Furthermore, we are the comet. We are both the threatened, dominate species—as well as the comet of destruction that will end this Empire of Endless Burgers and Ceaseless Bullshit. Our delusions of the sustainability of ever-expanding market-based economies, wholly dependent upon a never-wavering abundance of resources, has rendered us as inflexible as the dinosaurs were before a global-wide, sky-occluding dust cloud. We're devouring the life-sustaining resources of the earth as if it were a bag of Doritos. Our empty appetites, engendered by global corporatism and its reliance on fossil fuels, is leveling an effect upon our world tantamount to a slow-motion collision with a comet.

To survive, we must curb our appetite for this everyday menu of death—for these Valueless Meals comprised of the empty calories of comforting lies proffered by the corporate state.

The present paradigm must (and will) collapse: Rising gross national products, imaginative ad campaigns and faith in some mythological being returning from the sky will not cause the earth's rising oceans to recede nor its melting Polar ice caps to reconstitute. Our advertising and public relations evangelists here in the Empire of Endless Burgers cannot convert the forces of extinction to marketplace pieties with new advertising slogans. Our redeemer gods of product placement cannot provide our dying culture with longer shelf life. Belief in these gods of the mall and empyrean may have banished doubt and diffidence—yet these myths cannot shelter us from the anonymous fury of the exponential mathematics of global systems shifted into entropic runaway.

All in all, our belief in economic providence has proven our undoing—our insistence on its very existence left us mistaking a full stomach for a leveling portion of divine grace. Our gods of commerce offered drive-thru-window epiphanies. We believed our prayers would always be answered: Instantly—came the high priests of the consumer state's homilies of perpetual gratification—their voices crackling like a burning bush from the drive-thru order-box.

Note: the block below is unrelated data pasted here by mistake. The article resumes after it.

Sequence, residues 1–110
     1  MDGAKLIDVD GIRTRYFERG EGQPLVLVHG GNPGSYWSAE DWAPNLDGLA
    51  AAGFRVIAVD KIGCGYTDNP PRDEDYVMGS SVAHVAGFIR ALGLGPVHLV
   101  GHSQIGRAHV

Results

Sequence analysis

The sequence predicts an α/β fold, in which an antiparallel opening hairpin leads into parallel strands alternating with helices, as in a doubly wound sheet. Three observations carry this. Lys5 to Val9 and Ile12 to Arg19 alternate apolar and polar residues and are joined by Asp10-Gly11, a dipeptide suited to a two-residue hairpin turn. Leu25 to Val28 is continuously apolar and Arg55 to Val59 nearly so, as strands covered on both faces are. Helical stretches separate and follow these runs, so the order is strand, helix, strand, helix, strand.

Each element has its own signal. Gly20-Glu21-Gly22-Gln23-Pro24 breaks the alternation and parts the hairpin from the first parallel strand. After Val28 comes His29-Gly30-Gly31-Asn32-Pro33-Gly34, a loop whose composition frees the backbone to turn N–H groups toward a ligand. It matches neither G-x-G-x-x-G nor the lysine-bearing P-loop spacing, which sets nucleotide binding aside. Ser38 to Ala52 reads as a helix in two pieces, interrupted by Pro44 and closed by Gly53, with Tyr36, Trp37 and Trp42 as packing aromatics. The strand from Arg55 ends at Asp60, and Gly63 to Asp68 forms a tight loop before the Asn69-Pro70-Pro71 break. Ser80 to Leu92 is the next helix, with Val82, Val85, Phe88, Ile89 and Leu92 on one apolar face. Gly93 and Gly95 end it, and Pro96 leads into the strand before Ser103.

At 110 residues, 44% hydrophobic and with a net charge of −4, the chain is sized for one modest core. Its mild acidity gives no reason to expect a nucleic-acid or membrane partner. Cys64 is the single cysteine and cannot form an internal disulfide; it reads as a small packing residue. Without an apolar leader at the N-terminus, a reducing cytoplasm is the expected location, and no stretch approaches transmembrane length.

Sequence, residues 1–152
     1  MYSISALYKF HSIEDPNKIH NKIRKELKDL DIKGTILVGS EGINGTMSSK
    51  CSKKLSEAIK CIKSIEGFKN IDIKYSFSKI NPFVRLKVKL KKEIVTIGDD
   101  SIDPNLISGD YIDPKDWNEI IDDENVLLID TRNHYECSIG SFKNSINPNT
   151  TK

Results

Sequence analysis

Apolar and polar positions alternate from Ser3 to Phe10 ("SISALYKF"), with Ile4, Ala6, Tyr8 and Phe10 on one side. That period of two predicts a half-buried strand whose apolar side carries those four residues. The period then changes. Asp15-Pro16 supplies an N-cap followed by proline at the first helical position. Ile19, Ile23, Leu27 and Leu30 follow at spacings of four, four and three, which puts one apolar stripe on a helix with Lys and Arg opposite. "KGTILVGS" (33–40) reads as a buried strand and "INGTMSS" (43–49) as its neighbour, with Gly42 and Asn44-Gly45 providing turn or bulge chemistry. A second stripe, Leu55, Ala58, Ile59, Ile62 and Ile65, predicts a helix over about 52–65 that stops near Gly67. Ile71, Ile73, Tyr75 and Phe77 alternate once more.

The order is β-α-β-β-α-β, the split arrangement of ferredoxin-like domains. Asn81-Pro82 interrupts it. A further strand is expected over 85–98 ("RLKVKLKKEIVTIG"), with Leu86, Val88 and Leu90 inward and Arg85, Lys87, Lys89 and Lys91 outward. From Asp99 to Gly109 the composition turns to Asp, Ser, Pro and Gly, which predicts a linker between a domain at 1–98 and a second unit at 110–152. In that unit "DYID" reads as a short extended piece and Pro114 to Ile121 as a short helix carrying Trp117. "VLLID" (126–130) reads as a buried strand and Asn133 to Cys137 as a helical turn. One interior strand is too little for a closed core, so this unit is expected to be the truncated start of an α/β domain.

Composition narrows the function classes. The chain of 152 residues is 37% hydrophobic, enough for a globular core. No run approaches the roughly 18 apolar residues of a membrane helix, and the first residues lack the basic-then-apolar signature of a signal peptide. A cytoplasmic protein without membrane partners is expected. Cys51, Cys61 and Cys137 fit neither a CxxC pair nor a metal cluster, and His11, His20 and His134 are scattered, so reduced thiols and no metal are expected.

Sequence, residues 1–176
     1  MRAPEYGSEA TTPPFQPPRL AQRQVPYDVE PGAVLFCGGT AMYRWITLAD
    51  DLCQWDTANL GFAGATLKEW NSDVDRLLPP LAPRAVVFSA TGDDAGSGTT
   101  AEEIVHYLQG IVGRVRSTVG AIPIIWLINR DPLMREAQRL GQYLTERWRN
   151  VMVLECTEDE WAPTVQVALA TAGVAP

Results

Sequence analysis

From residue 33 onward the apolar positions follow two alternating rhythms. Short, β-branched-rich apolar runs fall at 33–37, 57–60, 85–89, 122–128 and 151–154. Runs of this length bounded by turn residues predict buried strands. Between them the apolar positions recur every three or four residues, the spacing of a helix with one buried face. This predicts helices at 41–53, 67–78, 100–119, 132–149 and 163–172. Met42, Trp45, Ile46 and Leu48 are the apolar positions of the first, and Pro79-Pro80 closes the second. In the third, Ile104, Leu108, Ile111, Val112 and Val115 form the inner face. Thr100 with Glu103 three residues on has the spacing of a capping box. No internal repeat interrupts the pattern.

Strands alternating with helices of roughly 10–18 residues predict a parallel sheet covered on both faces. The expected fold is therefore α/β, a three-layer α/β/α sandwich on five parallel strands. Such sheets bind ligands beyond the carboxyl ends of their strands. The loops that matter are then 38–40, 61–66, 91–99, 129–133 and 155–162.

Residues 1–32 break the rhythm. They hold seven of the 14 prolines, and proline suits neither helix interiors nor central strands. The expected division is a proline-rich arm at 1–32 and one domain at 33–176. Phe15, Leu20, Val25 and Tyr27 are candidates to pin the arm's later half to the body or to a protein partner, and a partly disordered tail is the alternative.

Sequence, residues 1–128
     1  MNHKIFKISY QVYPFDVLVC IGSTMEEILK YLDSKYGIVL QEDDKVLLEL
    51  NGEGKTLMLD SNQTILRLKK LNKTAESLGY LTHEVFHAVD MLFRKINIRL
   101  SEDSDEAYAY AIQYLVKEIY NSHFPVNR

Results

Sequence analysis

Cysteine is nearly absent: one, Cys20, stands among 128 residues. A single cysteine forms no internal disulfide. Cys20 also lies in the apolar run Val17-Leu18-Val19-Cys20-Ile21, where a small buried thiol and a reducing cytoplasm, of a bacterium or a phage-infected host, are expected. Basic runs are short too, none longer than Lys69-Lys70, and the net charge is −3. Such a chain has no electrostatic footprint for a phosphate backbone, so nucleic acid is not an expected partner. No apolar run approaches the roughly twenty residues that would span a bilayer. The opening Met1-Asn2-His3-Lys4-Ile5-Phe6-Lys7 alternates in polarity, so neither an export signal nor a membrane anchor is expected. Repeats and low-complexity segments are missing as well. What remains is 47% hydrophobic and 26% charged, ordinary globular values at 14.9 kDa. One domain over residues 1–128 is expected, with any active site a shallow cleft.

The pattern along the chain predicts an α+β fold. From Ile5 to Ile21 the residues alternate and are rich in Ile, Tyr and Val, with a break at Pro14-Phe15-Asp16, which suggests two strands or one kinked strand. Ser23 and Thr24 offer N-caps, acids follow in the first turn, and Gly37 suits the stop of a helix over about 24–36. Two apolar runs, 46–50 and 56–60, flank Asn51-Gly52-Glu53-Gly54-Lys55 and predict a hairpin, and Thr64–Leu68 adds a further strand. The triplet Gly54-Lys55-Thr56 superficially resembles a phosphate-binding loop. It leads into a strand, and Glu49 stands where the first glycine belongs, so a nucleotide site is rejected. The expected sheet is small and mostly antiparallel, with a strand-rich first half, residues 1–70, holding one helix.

But now: Overcooked in arrogance and oil: The Empire of Endless Burgers is char: Stick a fork in it—it's overdone. As our delusions bake to ash, what shall we cry into the gathering darkness? Can our pleas be heard over the thunderous machinery of the encompassing void? What if the realization came that our most sacrosanct beliefs—both economic and epistemological—were but a musky collection of antiquated myths? To survive, our blind-faith-based suppositions must not be flattered by political opportunists (I'm looking at you, Hillary and Obama)—but allowed to rot into compost, then be buried. Because deep down, we already realize our allegiances to the imaginary gods and saviors of long-dead, desert tribalists not only blind us to the dangers at hand but in large measure helped to contribute to our troubles in the first place.

Ergo, It's a fact: Jesus will not descend and heal the earth's dying seas. We might as well hold out for Little Folk, adorned with gossamer wings, to appear from the gnome-haunted air and sprinkle Fairy Dust upon it. Furthermore, there are no Chosen People—nor does there exist an Omnipotent Sky Daddy above who could give a rodent's rectum about the oil-soaked real estate of the Middle East nor any other plot of disputed ground on this cosmological backwater of a planet.

It's time to wake up and smell the mythology. God has no will. God has no more of a plan than a tree has a financial portfolio. God does not say God bless you: Your life is not an eternal sneeze in need of a perpetual gesundheit. And there never was a character who rose from this sin-sullied earth and took up residence in the starry filament named Jesus Christ—who will love you no matter how big of an asshole you are: That's the job of your dog.

Perhaps such shocks to the system might rouse us from that narcissistic swoon called "my faith," might shatter our perennial delusions that God desires for us to conquer and kill in his name, and might deliver us to the true Promised Land—the one that exists just beyond the limited sight-line of our systems of belief. And might banish the empty mythos of instant gratification—the guiding god of global capitalism—which is the force (in a toxic, paradoxical mixture with sexual repression) that begot the fantasies of contemporary Christian Fundamentalism.

In essence, what is the Christian fundamentalist belief in the so-called End Time, but a worldview that reduces mythic reality to channel surfing? One moment you're watching the Armageddon Channel, then you click the remote and you're in eternal RaptureLand. Then you click over to the Fundie Porn Channel to view fantasies involving the instantaneous shedding of your clothes, next you're being ejaculated from your body to engage in a celestial orgy with Jesus—whereas all of life on earth climaxes with a cosmic money shot involving you and your fellow Christian's immortal souls being splattered upon the face of God.